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More research could improve performance

An almost miraculous turnaround in the performance of three underachieving areas may have provided the template for future success in local authority recycling.

The adjoining south Yorkshire districts of Barnsley, Doncaster and Rotherham were returning rates of just 3%, 4% and 5% during 2001/02 which had remained broadly static for the previous four years.

However, when faced with the need for a four-fold increase to meet the 2005/06 target of 18%, the councils not only met this a year early, but blew the level out of the water with figures of 22%, 23% and 27% respectively.

This was achieved by firstly teaming up to commission one of the most intensive waste and social research audits ever taken in the UK, with national specialist consultancy MEL Research (MR) carrying out an attitude survey of 1,000 residents in each borough.

MR chief executive doctor Robert Pocock said: We are very pleased that the research was put to some use as there are lessons to be learnt here for the UK as a whole with targeting the public.

Most local authorities just put in blanket coverage, but it pays to be much more selective in deciding what you put in where. This way you can suit residents needs and get far more people recycling.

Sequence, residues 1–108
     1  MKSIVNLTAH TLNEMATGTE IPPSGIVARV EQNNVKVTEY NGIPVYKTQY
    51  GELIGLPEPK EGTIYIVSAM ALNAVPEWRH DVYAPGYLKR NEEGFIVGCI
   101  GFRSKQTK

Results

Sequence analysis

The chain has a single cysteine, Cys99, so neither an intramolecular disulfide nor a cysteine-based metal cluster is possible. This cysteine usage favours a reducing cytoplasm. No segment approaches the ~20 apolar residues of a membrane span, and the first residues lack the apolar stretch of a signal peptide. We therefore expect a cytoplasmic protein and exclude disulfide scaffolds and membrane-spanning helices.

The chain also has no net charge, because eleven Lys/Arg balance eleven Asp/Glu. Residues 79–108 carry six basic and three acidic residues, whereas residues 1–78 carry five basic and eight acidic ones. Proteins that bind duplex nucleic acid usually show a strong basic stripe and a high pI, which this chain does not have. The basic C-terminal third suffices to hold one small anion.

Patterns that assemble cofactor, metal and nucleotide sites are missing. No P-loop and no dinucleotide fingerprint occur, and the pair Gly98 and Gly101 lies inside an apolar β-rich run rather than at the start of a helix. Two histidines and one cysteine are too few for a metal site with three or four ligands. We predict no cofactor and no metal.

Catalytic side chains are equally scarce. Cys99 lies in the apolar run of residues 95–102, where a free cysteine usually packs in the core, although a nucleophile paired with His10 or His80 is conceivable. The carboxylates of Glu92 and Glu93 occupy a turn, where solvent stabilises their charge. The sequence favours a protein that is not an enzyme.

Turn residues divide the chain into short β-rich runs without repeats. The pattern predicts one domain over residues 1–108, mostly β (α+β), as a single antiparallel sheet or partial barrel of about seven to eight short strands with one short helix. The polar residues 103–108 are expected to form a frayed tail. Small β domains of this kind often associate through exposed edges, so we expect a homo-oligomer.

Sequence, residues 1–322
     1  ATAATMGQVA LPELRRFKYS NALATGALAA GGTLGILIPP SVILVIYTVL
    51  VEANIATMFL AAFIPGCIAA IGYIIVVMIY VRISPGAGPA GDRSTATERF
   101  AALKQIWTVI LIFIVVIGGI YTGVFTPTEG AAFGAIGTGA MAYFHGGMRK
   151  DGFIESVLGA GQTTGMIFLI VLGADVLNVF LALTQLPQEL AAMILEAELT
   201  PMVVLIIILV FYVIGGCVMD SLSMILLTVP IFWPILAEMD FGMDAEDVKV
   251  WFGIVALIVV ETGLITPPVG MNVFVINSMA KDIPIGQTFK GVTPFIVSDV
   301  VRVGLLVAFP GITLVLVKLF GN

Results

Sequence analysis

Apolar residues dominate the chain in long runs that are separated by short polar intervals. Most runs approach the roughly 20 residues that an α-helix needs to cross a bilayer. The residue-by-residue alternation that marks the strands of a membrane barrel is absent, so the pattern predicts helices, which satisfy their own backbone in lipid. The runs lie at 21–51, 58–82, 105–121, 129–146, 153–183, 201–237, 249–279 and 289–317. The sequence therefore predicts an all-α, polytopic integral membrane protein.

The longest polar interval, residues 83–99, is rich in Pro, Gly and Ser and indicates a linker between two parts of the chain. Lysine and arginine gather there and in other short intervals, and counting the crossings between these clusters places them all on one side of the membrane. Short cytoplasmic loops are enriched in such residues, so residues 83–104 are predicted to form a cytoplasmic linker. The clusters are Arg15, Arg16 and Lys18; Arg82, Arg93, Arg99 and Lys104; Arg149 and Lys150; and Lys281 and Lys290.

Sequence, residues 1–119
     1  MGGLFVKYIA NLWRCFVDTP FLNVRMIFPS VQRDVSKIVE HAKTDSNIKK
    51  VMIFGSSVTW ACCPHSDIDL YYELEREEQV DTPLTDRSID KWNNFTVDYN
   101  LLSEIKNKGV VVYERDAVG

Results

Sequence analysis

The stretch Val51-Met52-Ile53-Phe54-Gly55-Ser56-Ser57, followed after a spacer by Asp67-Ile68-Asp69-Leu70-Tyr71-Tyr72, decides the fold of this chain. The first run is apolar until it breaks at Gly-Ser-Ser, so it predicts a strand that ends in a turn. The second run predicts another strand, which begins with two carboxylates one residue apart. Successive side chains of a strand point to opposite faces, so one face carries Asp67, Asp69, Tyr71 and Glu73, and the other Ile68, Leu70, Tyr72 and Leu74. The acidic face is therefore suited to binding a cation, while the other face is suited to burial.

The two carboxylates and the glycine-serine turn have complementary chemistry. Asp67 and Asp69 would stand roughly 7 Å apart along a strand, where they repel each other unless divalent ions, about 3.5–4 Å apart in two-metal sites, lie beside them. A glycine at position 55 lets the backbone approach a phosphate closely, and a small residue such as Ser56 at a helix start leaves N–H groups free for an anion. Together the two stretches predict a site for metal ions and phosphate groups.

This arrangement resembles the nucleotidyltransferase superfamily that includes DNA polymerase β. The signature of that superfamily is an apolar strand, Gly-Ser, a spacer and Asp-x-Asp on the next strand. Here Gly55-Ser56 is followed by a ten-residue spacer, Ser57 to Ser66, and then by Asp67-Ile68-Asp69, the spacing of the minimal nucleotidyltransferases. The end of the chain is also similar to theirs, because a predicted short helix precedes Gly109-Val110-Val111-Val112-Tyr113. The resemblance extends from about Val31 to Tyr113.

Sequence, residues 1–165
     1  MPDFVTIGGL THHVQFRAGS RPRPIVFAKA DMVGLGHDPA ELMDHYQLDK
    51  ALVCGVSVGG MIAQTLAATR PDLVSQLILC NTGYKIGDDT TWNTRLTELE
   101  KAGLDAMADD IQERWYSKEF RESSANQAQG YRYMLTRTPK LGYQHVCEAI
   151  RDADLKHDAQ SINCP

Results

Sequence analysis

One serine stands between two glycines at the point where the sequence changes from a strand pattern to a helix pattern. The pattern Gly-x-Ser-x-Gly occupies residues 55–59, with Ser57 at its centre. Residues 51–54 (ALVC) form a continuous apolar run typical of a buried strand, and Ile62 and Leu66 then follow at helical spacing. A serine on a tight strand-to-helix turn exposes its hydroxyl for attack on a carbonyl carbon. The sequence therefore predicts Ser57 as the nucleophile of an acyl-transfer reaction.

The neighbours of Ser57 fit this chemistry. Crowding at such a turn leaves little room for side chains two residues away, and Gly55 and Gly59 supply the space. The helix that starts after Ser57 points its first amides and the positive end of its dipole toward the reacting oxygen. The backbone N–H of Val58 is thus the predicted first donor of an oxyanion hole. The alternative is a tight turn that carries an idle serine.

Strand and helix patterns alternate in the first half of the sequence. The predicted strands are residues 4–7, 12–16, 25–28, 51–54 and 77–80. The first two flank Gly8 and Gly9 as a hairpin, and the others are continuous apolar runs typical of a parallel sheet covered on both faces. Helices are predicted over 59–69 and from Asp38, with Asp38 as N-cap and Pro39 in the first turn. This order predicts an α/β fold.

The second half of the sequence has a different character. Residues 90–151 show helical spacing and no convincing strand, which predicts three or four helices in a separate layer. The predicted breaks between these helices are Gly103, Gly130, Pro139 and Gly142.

While very few kerbside collections were taking place in these areas during 2002, 85% of respondents claimed that they would take part in a scheme if they had one and almost 80% of those with a garden or allotment said they were likely to use a garden waste collection.

Major barriers were said to be a lack of recycling containers, low resident awareness of what could be recycled and 25% believing there was no need to recycle as there was plenty of space in residual wheelie bins.

In response to this, an extensive multi-material kerbside collection was introduced focussing mainly on paper, cans, glass and textiles along with a phased introduction of alternate weekly collections, green waste and cardboard collection.

Each local authority also began specific schemes responding to local needs identified in the research.

Pocock added: Such dramatic improvements can obviously happen anywhere in the country. The way forward is to put money where it has most effect. And you need research evidence to do that.

 

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